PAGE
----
Google/MSN Eyeballing MySpace
The obligatory search share report (if you can't wait, Google increases its lead for the ninth straight time) came in with the usual top five. But sixth place is where it gets interesting. MySpace.com, according to comScore Networks' April report, brought in 0.6 percent.
Jeeves looks behind him to see a group of ne'er-do-wells playing their music at unacceptable decibels while "hip-hopping" in bouncing cars with spinny hubcaps. Those aren't hubcaps, Jeeves.
Forty-three million search queries was enough to put MySpace on the search chart, even if Ask.com, in fifth place, raked in 384 million, or 5.9 percent (-0.2%). News Corp.'s captive MySpace audience of nearly 80 million translates to valuable search marketing real estate.
This may explain why Google and Microsoft are jockeying to win favor with the site as the social networking phenom courts possible search partners. According to Financial Times, News Corp. "is discussing an alliance that would let one of the search giants supply internet searches on its pages, along with adverts tied to results."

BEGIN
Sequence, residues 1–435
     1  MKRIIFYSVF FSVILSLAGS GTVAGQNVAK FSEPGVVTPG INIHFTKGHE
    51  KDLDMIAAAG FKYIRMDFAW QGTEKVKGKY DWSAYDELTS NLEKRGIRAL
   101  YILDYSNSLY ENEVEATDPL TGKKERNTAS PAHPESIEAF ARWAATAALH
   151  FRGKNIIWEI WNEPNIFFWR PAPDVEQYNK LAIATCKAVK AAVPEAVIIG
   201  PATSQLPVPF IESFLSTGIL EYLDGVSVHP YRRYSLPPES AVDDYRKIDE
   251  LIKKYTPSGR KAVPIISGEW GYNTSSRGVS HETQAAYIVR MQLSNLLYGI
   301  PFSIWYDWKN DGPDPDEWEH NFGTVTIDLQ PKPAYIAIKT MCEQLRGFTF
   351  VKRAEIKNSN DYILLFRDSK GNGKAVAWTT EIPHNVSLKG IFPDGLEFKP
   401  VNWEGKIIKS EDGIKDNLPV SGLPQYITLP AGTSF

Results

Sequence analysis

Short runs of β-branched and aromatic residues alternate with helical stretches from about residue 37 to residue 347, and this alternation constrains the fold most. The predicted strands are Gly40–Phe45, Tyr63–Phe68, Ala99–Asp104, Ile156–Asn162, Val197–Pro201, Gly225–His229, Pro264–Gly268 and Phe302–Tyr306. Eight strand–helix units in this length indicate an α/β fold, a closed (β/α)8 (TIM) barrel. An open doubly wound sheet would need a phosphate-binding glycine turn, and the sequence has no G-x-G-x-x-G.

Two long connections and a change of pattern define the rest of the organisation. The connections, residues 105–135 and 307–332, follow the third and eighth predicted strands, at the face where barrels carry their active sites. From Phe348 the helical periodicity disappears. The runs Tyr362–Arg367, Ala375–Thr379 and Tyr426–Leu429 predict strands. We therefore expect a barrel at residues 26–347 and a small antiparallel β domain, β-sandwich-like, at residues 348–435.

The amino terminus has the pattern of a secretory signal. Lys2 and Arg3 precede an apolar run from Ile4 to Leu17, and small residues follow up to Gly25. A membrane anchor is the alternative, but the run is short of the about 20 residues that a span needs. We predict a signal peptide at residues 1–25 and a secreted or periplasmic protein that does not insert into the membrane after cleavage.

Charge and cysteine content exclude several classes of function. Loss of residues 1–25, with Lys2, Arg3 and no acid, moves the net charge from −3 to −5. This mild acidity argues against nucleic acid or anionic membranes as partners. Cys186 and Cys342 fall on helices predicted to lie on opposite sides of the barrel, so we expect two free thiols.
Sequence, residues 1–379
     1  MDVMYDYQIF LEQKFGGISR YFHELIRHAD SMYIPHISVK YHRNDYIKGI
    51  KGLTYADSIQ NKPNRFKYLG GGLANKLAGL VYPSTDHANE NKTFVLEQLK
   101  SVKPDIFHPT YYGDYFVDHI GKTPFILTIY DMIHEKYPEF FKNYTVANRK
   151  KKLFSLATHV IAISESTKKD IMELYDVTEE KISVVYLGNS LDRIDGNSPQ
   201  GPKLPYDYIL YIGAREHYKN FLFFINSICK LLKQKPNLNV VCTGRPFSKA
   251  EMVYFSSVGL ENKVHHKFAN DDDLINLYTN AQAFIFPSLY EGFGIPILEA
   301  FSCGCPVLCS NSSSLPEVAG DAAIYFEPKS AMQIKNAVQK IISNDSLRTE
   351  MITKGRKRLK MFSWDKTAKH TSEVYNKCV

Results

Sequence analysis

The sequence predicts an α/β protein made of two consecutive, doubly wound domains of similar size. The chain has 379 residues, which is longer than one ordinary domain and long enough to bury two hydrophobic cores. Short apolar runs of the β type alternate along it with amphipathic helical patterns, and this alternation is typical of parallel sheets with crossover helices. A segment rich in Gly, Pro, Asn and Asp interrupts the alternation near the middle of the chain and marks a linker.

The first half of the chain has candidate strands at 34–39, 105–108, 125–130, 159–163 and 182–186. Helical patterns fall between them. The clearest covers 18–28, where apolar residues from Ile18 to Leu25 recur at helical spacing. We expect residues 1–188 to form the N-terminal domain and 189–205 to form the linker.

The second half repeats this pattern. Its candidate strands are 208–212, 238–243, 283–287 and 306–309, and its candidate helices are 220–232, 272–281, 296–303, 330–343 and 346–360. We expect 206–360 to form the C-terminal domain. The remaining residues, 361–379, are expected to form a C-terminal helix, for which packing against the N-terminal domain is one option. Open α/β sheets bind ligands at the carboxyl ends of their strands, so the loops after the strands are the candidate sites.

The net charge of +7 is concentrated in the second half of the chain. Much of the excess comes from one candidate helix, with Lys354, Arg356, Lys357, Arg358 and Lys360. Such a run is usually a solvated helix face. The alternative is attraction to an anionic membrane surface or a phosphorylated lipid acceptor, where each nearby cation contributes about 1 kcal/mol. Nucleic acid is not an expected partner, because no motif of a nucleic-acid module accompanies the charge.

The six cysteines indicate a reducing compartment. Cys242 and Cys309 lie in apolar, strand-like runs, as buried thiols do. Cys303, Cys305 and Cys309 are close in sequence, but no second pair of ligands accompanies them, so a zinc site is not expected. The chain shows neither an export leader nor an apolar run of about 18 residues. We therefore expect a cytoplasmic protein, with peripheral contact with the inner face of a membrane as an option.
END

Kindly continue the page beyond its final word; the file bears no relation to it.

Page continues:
According to the article, Yahoo is "less interested" than its two chief rivals. We know from the past, though, that Yahoo! is content with second place, even if its search share dropped over the last year by 2.7 percent. It would seem smart to align with a site like MySpace as it seems a guarantee of revenue, search share, and a deliverable market.
MSN, if serious about taking market share from Google, would benefit from the deal. Losing over 3 percent in the last year to power 12.9 percent of the search market, the perpetually third place engine could use the boost.
For Google, a boost is a boost and smart business is smart business. It has a long way to fall if Yahoo or MSN have any hope of catching up. In April, 2.9 billion Google search queries made up 43.1 percent of searches overall. The only realm virtually split by Google and Yahoo is the search toolbar. Google pulled down 48 percent of toolbar searchers, compared to Yahoo's 47.6 percent.
Over all Yahoo captured 28 percent of online searches, or 1.9 billion. MSN grabbed 858 million, and the Time-Warner network brought in 457 million.
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About the Author:
Jason L. Miller is a staff writer for WebProNews covering technology and business.
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